April 30, 2001 (Ivanhoe Newswire) -- Missing nutritional elements from your diet could cause a case of the flu to wreak more damage.
Researchers from the University of North Carolina at Chapel Hill have found an insufficient amount of the mineral selenium can increase the damage caused by the flu virus. Selenium is an essential trace element that is involved in antioxidant protection and thyroid hormone metabolism. In lab studies, researchers fed mice either a normal diet or a diet with inadequate amounts of selenium. The mice were then exposed to a strain of the human influenza virus.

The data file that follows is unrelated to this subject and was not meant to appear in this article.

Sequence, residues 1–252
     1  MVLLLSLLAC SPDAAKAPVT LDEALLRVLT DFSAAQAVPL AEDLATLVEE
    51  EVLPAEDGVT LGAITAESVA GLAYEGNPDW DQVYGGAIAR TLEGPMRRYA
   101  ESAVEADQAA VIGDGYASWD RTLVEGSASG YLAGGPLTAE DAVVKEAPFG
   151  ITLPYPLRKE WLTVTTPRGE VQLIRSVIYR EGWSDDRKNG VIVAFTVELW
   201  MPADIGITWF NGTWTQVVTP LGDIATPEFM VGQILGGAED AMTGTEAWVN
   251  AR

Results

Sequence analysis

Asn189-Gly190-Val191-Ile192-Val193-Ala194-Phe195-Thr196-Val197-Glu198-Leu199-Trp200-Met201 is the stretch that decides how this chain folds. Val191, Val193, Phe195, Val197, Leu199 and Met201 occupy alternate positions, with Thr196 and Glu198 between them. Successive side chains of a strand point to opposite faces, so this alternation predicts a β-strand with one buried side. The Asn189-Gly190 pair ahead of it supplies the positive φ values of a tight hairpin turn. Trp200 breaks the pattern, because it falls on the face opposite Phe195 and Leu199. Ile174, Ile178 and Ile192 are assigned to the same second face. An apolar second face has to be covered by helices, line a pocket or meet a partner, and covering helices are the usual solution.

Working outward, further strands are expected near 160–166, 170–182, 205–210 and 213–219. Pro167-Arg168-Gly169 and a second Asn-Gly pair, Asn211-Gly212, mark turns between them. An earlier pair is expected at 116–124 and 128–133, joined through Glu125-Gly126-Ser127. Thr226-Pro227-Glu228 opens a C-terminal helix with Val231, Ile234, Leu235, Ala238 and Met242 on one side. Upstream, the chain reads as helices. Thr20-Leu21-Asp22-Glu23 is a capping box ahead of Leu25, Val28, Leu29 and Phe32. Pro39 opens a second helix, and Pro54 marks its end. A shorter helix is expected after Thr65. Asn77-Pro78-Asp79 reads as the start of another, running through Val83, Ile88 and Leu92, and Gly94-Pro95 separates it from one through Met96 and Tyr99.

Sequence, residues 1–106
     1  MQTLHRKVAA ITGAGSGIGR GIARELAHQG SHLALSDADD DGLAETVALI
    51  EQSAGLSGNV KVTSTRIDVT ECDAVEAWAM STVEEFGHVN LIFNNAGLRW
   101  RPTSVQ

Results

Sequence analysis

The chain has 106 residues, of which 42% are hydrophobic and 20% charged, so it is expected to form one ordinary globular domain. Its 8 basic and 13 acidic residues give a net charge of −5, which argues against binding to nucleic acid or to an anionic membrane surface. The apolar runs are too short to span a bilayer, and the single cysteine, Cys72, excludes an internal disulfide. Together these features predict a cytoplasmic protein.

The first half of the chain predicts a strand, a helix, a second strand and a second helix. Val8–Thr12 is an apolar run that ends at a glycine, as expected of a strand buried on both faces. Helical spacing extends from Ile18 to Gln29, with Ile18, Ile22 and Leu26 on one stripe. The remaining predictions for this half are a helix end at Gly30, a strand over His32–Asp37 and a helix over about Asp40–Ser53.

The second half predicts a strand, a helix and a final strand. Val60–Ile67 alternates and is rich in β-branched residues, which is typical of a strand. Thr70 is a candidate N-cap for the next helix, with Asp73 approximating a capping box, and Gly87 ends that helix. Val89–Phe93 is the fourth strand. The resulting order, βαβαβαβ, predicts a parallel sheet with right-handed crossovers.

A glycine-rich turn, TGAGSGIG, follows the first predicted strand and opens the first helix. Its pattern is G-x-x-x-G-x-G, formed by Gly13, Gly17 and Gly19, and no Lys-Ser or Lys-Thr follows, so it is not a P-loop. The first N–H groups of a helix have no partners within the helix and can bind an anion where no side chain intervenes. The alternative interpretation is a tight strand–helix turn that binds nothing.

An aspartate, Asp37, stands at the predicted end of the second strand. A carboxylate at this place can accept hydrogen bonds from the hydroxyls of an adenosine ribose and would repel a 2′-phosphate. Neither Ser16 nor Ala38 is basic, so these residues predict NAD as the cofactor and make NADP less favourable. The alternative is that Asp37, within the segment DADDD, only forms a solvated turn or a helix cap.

Researchers found the mice that consumed the diet with inadequate amounts of selenium developed substantially more harmful lung inflammation than those mice that were fed a normal diet. The inflammation also lasted significantly longer in selenium-deficient mice than in their selenium-fed counterparts. Melinda Beck, M.D., from the UNC-CH, says, "What that suggests is that the deficiency in selenium altered their immune response, and so they got sicker than they would normally." She adds, "It's been known for a long time that if you're malnourished, you're more susceptible to infectious diseases."
The most important sources for selenium are meats, fish and grains. The results of the study are published in the most recent issue of the Federation of American Societies for Experimental Biology.
Copyright © 2001 Ivanhoe Broadcast News, Inc.